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Series: Generations Thrilling 30
Allegiance: Autobot
Categories: Legends
Year: 2014

You may never meet a pair that is more eager to please than Cosmos and Payload. They're both proud of their ability to fly into space, and eager to use it to the benefit of the Autobot cause. It's a lonely life in orbit, but they both make up for it by performing some of the most awesome daredevil space stunts anyone has ever heard of. It's just too bad there's no one else up there to see them.

Robot Mode: While retaining the overall look of his 1985 G1 predecessor, Generations Cosmos improves upon the old figure in a number of ways. It’s twice as tall, manages to look slender, and it actually does have articulation. Being ball-jointed throughout, Cosmos can now pose with the best of them, and while he does feature roughly the same transformation design as his tiny forebear, he still manages to have two separate legs, not to mention an actual hip.

Comparison to the G1 original aside, Cosmos looks gorgeous. The color combination is good and there is lots of detailing to be found on the figure, from the sculpted guns on the forearms to the actual guns on his knees and the rocket boosters on his back and inside his feet. Very nicely done. So with great look and details, plus superb articulation, what you have here is an excellent robot mode. No complaints at all.

Alternate Mode: Cosmos transforms into a green flying saucer or UFO. Let us disregard the question of the validity of this mode as a disguise (more on that in the Remarks below) and simply look at the resulting space ship. It retains the B-movie like look of the G1 original, but makes it a lot more streamlined and detailed than before, pretty much looking like it might actually fly. Everything fits together well and you have guns pointing forward and backwards, plus the rocket boosters on the back. Very nice. So little more I can say here than: excellent alternate mode.

Partner: Cosmos comes with Minicon / Targetmaster partner Payload, a small white robot that transforms into a space shuttle and a gun for Cosmos. In robot mode he looks surprisingly detailed for such a small guy, though his articulation is restricted to swiveling his shoulders. The space shuttle mode is okay, nothing more. Payload works fine as a double-barreled blaster cannon for Cosmos, a little oversized maybe, but overall he does just fine. Not my favorite Minicon weapon from the Generations Legends line so far, but definitely near the top.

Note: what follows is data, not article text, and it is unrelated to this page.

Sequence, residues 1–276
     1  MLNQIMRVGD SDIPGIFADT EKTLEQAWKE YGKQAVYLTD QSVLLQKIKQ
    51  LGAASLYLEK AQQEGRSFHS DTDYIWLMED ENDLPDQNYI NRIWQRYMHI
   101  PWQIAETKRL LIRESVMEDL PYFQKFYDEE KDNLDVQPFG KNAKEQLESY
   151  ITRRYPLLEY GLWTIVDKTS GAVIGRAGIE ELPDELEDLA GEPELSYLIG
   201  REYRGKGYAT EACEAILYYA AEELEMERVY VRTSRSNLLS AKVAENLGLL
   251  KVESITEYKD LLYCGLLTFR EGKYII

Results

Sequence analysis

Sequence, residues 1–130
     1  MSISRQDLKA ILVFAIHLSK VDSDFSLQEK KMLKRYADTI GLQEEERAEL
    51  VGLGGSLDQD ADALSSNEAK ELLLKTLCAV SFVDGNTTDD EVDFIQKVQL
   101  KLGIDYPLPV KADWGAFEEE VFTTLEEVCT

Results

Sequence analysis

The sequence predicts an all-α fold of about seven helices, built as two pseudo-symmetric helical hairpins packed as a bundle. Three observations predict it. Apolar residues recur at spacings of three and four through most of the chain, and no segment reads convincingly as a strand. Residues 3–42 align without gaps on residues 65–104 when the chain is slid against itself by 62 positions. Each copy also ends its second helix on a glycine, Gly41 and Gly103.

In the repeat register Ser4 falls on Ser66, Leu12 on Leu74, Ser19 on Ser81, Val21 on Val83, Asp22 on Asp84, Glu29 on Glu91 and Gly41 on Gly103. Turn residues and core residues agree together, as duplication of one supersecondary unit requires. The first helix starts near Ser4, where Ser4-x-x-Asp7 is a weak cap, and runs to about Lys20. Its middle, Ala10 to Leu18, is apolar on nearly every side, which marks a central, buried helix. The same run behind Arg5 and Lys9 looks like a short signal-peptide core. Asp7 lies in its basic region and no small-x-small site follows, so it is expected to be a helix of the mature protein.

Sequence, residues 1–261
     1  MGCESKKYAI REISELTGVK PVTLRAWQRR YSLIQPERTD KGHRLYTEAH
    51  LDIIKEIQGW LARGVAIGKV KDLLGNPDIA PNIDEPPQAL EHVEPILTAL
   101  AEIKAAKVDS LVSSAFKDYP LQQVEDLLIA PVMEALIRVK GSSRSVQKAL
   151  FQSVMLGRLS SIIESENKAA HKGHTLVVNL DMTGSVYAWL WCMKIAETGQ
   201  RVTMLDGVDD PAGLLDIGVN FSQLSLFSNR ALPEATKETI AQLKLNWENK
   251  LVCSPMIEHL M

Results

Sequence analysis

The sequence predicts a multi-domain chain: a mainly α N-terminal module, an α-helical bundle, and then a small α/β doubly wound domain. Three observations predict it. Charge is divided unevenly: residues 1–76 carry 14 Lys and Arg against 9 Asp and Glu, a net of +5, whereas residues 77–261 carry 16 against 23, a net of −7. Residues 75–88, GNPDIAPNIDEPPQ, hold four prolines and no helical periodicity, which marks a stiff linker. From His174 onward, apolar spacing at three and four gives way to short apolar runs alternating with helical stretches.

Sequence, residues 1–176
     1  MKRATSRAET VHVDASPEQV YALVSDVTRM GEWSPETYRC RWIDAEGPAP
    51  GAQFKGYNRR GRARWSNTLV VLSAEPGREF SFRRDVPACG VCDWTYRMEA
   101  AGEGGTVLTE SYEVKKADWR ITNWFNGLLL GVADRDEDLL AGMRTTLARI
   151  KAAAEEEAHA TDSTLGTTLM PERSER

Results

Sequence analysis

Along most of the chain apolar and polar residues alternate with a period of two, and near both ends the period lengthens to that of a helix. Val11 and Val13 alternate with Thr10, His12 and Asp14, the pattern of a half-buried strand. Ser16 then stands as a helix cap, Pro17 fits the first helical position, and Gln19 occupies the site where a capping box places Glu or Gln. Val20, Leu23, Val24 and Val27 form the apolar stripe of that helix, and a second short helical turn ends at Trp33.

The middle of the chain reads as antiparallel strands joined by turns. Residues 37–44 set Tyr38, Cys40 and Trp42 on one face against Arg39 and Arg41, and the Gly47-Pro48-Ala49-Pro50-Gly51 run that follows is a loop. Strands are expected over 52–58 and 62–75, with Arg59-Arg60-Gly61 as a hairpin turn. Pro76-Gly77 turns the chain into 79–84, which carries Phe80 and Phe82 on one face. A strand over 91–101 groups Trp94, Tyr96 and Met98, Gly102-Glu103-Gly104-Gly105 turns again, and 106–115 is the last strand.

Side Note: Payload can interact with Cosmos in vehicle mode, as the two forward cannons of Cosmos’ UFO mode can plug into the exhaust ports of Payload’s shuttle mode. The result? A shuttle with a flying saucer glued to its behind. No, I didn’t take any pictures of that. Not worth the effort, believe me.

Remarks: Cosmos first appeared in season 2 of the original Transformers cartoon and gave the Autobots a little extra flying power and space capability. How he came up with his alternate mode as a flying saucer was never really explained, though it was a plot point in the hilarious “Mars Attacks Transformers” comic from IDW and, had a fourth season of Animated been produced, we would have seen that series’ version of Cosmos accidentally scan a B-movie prop for an alternate mode. Whatever the case, Cosmos was never really developed as a character apart from being the space-faring guy, but he’s popped up again and again since 1985.

And for a conclusion I can simply say this: best Cosmos ever, best of the Generations Legends-class figures so far, and just an all-around fun toy. Recommended to just about everyone.

Rating: A
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